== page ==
Former SNC-Lavalin CEO pleads guilty in superhospital fraud case

Pierre Duhaime was arrested in November 2012 on charges including fraud, conspiracy and forgery related to a $1.3-billion contract to build a superhospital in Montreal. He pleaded guilty Friday to helping a public servant commit breach of trust, avoiding a trial that was to start Monday.

Pierre Duhaime's trial on charges of fraud, conspiracy and forgery was set to start Monday

Former SNC-Lavalin CEO Pierre Duhaime leaves a Montreal courtroom on Friday, after pleaded guilty to a charge of helping a public servant commit breach of trust for his role in the MUHC superhospital bribe scandal. (Paul Chiasson/Canadian Press)

Former SNC-Lavalin CEO Pierre Duhaime pleaded guilty in a Montreal courtroom Friday morning to helping a public servant commit breach of trust, six years after he was first arrested and accused of bribing public officials.

In 2009, Duhaime was informed that an employee from his engineering company was in contact with Yanaï Elbaz, an official from the McGill University Hospital Centre — right around the time SNC-Lavalin was trying to secure the contract to build the MUHC superhospital in Montreal.

That contract was worth $1.3 billion. Duhaime, now 64, never looked into that information, thereby committing a crime.

"Instead of acting upon that knowledge, and stopping this from happening, which he could have done, he chose to look the other way," said Robert Rouleau, spokesperson for the Crown prosecutor's office.

Last year, Elbaz, who was disgraced MUHC head Arthur Porter's right-hand man, pleaded guilty to charges including breach of trust and conspiracy. He admitted to receiving a $10-million bribe from SNC-Lavalin.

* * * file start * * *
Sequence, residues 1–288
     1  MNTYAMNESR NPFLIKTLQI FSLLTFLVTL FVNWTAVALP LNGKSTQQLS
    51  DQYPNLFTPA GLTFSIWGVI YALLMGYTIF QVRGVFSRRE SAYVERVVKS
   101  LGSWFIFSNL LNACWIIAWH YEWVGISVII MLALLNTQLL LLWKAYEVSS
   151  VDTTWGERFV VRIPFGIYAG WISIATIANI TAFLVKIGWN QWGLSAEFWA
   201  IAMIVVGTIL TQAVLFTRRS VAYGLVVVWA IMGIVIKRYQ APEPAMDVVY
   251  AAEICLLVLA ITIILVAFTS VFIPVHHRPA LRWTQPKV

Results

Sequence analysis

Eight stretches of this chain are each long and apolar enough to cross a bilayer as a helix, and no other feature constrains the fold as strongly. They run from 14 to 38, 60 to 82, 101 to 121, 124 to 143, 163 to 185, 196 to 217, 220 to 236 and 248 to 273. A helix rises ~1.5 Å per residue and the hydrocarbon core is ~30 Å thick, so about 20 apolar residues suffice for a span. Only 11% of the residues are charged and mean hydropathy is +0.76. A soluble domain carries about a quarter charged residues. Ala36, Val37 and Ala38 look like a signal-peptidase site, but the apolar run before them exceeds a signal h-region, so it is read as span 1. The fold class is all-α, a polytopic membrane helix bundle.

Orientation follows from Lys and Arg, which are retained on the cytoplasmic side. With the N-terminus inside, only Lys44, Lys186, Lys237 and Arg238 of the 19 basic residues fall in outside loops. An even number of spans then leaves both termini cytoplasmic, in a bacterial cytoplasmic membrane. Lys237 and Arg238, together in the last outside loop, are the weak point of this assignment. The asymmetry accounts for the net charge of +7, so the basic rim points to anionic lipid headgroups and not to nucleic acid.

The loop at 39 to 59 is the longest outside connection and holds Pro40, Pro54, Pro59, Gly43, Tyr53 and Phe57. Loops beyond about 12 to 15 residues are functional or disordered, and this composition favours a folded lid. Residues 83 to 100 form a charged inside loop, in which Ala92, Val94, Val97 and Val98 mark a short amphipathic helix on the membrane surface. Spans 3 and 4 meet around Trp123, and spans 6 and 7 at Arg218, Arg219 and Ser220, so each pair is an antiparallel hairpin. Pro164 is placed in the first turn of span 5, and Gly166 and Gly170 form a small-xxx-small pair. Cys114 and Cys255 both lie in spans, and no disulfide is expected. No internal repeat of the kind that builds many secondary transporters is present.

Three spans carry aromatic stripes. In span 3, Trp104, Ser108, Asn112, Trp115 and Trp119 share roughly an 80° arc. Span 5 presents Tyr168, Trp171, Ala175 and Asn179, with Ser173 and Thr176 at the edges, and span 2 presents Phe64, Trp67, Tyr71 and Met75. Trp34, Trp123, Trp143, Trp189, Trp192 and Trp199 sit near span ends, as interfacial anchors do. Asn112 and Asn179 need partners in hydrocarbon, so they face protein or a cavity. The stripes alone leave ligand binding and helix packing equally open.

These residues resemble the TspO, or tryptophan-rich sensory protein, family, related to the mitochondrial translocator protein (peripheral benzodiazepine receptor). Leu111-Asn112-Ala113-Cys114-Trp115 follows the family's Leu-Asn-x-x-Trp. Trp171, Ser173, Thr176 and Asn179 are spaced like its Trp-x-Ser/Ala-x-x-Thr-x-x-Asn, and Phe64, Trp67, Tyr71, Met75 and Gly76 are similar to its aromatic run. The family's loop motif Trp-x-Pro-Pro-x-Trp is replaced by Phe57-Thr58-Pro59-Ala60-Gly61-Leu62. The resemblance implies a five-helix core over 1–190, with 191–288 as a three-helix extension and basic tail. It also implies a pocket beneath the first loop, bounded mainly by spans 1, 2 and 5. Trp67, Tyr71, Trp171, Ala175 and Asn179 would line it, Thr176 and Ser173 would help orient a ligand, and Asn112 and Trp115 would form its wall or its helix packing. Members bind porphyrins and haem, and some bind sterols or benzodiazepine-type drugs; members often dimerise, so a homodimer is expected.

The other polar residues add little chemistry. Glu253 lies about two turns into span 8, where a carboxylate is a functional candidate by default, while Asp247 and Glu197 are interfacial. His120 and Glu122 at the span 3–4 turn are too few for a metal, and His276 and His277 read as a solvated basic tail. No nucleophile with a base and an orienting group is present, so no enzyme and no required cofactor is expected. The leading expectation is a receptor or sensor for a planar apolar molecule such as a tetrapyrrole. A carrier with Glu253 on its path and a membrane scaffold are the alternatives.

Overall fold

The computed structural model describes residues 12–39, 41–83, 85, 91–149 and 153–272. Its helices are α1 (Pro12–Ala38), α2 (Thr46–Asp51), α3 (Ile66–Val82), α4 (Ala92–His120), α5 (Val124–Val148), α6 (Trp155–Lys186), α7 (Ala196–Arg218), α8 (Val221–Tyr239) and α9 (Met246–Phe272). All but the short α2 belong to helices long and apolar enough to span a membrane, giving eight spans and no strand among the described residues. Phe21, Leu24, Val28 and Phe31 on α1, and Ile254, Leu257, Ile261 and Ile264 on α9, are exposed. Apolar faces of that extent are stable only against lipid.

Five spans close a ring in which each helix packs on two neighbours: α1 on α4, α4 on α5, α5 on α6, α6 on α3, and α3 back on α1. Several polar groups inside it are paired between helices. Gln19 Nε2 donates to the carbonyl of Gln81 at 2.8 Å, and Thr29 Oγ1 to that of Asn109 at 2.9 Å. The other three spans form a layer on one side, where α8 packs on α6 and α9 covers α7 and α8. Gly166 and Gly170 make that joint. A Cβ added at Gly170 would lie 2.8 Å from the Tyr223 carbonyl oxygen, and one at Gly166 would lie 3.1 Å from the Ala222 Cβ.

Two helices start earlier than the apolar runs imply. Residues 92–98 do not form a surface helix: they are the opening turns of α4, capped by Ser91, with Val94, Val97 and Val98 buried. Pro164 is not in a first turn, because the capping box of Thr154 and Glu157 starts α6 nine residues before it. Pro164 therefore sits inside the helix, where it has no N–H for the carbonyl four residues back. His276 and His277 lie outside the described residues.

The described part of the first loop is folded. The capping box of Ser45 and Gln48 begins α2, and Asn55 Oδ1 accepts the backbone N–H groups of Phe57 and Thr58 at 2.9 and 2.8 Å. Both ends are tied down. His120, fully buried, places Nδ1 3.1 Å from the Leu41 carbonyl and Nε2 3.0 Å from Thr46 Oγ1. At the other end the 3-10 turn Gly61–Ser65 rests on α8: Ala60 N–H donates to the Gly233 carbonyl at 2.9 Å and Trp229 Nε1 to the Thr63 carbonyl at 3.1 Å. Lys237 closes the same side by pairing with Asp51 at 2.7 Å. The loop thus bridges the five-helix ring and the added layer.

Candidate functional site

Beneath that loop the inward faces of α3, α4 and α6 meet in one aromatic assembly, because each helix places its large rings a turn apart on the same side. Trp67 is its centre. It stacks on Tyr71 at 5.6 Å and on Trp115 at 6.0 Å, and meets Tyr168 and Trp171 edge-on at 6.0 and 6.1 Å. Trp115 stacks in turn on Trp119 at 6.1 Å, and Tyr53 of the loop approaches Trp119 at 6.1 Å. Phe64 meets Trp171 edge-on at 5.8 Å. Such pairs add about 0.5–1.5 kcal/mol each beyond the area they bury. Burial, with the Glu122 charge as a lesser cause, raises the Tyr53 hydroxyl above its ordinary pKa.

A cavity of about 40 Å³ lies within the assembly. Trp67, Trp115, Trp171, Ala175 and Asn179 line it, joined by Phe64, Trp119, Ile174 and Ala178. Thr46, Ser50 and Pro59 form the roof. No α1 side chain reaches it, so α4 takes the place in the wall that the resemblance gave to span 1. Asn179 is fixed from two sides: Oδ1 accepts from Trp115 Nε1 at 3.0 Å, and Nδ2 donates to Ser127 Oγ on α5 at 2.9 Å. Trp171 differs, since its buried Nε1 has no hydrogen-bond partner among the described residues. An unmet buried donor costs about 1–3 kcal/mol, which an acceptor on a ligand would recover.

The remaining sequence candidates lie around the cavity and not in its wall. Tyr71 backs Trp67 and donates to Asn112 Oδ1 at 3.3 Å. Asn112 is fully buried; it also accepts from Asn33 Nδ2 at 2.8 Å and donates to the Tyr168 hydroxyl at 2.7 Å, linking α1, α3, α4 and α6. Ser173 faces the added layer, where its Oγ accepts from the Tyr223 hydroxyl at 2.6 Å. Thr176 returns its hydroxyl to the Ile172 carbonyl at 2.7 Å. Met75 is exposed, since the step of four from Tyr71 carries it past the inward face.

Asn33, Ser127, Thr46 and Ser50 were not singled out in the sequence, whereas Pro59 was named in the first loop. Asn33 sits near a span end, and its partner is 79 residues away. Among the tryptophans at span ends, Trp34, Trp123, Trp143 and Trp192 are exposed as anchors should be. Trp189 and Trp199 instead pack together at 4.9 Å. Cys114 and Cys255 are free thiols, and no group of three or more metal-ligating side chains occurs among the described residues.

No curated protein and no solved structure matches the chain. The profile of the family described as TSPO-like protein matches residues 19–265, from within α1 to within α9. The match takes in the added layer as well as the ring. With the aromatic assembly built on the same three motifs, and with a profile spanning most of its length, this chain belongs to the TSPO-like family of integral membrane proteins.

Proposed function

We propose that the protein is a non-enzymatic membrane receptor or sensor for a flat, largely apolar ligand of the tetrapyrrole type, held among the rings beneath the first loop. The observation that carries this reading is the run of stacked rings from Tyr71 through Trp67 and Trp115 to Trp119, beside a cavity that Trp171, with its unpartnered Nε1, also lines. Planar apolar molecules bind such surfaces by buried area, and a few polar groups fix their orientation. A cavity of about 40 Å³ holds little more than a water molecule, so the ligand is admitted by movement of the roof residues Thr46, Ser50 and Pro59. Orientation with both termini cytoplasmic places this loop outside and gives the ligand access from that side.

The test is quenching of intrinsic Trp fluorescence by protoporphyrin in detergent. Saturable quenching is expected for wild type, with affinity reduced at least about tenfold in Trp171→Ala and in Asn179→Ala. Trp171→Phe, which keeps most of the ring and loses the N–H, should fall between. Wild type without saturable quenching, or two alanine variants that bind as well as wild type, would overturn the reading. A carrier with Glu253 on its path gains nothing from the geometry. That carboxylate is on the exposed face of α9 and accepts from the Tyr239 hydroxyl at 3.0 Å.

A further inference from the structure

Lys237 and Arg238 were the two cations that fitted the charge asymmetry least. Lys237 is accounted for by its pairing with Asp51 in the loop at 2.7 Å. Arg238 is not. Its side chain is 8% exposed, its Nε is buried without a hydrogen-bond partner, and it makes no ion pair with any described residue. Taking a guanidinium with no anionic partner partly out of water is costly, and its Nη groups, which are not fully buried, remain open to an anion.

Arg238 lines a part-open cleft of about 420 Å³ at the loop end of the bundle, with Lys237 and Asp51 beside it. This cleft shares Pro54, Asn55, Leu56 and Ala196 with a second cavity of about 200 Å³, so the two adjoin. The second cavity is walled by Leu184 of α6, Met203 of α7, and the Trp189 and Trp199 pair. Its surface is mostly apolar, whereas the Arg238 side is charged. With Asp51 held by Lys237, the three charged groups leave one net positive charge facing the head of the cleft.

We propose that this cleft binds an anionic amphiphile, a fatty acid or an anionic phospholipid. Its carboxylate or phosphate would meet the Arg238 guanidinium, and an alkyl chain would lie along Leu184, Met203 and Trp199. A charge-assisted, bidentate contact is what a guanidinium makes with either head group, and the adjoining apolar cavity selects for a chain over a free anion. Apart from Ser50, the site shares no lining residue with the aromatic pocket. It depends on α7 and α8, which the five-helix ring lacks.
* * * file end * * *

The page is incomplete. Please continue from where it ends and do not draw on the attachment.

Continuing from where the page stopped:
Porter was also accused of accepting a bribe in the case, but he died in Panama in 2015 and charges against him were subsequently dropped.

According to the agreed upon statement of facts, Duhaime did not know about or authorize the bribes.

Quebec's anti-corruption squad arrested Duhaime in 2012 on 15 charges, including fraud, conspiracy and forgery. Fourteen of those charges were withdrawn Friday.

Quebec's anti-corruption unit (UPAC) arrested Duhaime in 2012. (Graham Hughes/Canadian Press)

His trial was supposed to begin next Monday.

Provincial court Judge Dominique Joly accepted a joint recommendation from the defence and Crown that Duhaime be sentenced to 20 months of house arrest, 240 hours of community service, and make a $200,000 donation to a fund that compensates victims of crime. He will not serve any jail time.

Rouleau said Duhaime wasn't considered to be one of the key actors in the bribery scandal, and those who are questioning the severity of the sentence should look at it from Duhaime's perspective.

"I don't believe he's walking out of here laughing and thinking that this is a good day for him. I think quite the contrary."

Duhaime did not speak to reporters outside the courtroom. His lawyer, Michel Massicotte, said his client regrets what happened.

4th to plead guilty

In total, nine people were charged in the case, which one Quebec police investigator called "the biggest case of corruption fraud in Canadian history."

Duhaime is the fourth person to plead guilty. One other person was acquitted, and three had charges dropped.

Last November, Elbaz was sentenced to 39 months in prison.

Riadh Ben Aissa, SNC-Lavalin's former vice-president of construction, was sentenced to 51 months in prison in July. He pleaded guilty to one charge of using a forged document.

Pamela Porter, the wife of Arthur Porter, the former chief executive of MUHC who died in Panama in 2015, was jailed for money laundering in 2014.

Duhaime hasn't been CEO of the engineering company since 2012, when he stepped down after an internal audit found he signed off on "improper payments" to undisclosed agents.

We have always maintained that those who committed any criminal wrongdoing should be held to account, and in fact, this will be the case. 

In a statement, SNC-Lavalin stressed that there were no charges laid against the company and that it has "always actively co-operated with the authorities."

Corrections

  • A previous version of this story stated the MUHC contract was worth $1.3 million. In fact, it was worth $1.3 billion.
    Feb 01, 2019 12:31 PM ET

With files from Jay Turnbull